AMR occurs when microbes (bacteria, viruses, fungi) develop the ability to resist the action of antibiotics that would otherwise kill them or prevent them from growing. The emergence of AMR is accelerated by the overuse and misuse of antibiotics in humans and animals, as well as lack of research and innovation to develop new antibiotics.
In attendance at the event, Prof Timothy Walsh, Research Director at the Ineos Oxford Institute for antimicrobial research (IOI), stated: ‘Due to a lack of investment in research, we haven’t discovered a new class of antibiotics for almost 40 years. Without the development of new solutions to combat the rise of bacterial resistance to current antibiotics, we will inevitably return to a pre-antibiotic era. Common medical procedures such as C-sections or hip replacement surgery could carry high risks.’
Baroness Natalie Bennett, Member of the House of Lords and Secretary of the All Party Parliamentary Group on Antibiotics, pressed on the need for urgent government funding to discover new antibiotics: ‘Antimicrobial resistance is one of the leading global public health threats facing humanity today. However, public awareness about the impacts AMR will have on our lives is worryingly low. Without increased funding for new antibiotics, our everyday life could be extremely dangerous. The government has to invest in new research before it’s too late.’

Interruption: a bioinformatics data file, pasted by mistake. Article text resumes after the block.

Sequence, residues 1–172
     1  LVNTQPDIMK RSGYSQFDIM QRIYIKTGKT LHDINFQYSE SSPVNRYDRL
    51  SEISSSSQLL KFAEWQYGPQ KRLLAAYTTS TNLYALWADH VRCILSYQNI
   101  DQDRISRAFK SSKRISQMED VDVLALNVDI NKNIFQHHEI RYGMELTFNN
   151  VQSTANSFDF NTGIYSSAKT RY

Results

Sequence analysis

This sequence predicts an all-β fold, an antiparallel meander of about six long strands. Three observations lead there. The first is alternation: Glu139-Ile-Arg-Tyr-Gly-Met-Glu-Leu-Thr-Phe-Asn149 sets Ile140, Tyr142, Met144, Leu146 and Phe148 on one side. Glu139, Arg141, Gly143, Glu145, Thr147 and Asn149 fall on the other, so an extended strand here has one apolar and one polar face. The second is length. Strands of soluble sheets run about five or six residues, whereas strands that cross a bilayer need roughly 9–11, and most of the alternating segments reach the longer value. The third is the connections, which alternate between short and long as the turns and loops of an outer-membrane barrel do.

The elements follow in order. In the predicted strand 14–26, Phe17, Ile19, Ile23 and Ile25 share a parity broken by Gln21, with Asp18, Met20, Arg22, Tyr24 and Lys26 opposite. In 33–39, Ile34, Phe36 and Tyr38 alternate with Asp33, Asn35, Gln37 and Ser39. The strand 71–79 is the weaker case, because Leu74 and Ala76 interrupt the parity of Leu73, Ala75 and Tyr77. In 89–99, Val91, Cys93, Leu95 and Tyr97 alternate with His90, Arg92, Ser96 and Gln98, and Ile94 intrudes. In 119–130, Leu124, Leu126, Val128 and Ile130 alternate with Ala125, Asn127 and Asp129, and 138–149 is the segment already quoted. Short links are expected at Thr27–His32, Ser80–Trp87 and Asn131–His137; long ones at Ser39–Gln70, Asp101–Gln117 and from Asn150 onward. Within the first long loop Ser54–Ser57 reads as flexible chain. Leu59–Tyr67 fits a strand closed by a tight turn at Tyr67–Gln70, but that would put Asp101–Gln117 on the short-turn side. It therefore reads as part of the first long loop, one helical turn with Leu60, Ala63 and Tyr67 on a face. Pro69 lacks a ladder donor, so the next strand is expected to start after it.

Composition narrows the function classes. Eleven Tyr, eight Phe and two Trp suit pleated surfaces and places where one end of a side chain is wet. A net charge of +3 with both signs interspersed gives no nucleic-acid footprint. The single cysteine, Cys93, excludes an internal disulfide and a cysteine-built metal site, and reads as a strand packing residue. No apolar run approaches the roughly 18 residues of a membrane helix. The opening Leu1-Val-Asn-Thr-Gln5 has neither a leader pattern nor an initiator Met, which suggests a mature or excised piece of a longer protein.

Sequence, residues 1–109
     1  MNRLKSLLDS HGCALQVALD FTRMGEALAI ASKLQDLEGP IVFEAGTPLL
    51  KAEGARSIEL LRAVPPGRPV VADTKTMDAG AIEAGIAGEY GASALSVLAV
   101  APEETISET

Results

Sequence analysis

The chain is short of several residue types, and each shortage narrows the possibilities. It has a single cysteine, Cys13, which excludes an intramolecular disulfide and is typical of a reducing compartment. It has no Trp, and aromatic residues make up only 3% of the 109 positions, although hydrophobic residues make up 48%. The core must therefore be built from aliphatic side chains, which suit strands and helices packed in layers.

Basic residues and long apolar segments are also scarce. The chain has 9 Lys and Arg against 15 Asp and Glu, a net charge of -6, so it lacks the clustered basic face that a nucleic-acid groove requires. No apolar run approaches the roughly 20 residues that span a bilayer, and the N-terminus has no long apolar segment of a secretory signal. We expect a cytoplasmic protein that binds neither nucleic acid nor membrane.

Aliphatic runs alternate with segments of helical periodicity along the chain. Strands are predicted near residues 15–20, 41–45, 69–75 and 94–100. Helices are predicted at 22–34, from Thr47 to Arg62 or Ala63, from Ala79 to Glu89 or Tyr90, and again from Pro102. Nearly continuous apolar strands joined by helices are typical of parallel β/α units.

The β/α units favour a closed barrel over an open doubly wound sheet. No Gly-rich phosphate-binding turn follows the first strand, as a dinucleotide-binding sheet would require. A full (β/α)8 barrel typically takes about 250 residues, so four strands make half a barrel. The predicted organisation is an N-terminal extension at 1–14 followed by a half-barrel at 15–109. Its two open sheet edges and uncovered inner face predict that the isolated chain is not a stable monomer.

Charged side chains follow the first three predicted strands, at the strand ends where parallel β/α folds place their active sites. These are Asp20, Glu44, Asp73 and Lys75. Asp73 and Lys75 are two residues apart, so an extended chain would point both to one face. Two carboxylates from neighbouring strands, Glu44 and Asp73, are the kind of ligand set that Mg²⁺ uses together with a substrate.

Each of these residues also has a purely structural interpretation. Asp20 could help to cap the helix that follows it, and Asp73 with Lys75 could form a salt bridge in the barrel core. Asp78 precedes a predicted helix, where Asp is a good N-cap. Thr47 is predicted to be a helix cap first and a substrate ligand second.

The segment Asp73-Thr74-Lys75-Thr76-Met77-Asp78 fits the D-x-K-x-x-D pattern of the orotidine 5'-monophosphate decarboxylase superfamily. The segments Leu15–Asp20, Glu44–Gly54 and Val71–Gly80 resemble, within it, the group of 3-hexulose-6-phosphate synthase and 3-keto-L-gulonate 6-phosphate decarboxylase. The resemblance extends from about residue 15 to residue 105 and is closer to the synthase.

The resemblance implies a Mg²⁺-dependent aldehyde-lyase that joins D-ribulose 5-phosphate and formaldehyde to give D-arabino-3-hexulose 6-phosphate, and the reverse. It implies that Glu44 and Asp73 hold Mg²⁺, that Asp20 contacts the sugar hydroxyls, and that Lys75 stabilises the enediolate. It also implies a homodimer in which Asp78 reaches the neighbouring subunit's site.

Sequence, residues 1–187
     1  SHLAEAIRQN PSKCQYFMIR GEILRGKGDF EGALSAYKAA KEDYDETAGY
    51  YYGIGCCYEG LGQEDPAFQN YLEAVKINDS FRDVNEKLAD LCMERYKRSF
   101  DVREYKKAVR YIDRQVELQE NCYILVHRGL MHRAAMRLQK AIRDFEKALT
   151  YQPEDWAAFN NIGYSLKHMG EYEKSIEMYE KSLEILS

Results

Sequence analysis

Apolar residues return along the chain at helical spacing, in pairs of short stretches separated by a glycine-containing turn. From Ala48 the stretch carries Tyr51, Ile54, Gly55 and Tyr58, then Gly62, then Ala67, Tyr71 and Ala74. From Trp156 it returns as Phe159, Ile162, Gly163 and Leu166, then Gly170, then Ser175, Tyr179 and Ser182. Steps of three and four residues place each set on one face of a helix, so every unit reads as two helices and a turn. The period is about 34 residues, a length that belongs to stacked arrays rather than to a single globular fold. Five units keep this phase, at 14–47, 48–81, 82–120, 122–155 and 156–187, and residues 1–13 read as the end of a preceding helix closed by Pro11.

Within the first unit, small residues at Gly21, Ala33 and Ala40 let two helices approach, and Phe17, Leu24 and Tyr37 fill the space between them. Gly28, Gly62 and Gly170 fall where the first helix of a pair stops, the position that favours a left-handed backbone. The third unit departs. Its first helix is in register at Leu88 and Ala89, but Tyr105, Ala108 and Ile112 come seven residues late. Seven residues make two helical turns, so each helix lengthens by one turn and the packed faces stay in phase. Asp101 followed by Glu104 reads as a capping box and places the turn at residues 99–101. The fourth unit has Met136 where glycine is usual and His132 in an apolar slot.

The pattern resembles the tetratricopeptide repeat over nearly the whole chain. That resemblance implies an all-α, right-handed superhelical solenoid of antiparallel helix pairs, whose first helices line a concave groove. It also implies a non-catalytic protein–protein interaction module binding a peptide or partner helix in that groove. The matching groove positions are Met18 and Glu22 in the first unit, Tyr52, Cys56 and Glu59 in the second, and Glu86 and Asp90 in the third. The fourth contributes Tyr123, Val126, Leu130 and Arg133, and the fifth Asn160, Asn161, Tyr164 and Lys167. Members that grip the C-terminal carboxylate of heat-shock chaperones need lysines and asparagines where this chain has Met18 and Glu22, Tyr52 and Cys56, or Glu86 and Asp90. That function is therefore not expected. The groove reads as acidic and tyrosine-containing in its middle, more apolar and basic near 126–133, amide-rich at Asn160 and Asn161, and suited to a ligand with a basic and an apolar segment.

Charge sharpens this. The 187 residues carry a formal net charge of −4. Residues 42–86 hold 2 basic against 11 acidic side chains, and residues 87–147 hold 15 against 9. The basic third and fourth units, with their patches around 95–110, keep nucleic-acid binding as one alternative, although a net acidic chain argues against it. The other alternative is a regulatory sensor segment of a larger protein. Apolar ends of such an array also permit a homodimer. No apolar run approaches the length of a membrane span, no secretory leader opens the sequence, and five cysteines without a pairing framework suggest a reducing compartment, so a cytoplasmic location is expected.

Other AMR experts in attendance included Dr Nick Brown, Consultant Medical Microbiologist, Cambridge University Hospitals NHS Trust; Prof Brad Spiller, Head of Microbiology at the University of Cardiff; and Dr Lucy Jones, Senior Clinical Lecturer and Associate Specialist, Cardiff University and Cwm Taf Morgannwg University health board.
To get involved in the campaign and the movement for increased AMR research funding, sign the petition here www.notinourlifetime.org